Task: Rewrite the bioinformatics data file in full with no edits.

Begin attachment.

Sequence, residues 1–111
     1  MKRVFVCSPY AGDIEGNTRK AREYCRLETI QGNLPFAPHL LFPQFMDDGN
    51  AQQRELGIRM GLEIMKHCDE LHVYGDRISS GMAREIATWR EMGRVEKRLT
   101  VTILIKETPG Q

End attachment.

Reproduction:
Sequence, residues 1–111
     1  MKRVFVCSPY AGDIEGNTRK AREYCRLETI QGNLPFAPHL LFPQFMDDGN
    51  AQQRELGIRM GLEIMKHCDE LHVYGDRISS GMAREIATWR EMGRVEKRLT
   101  VTILIKETPG Q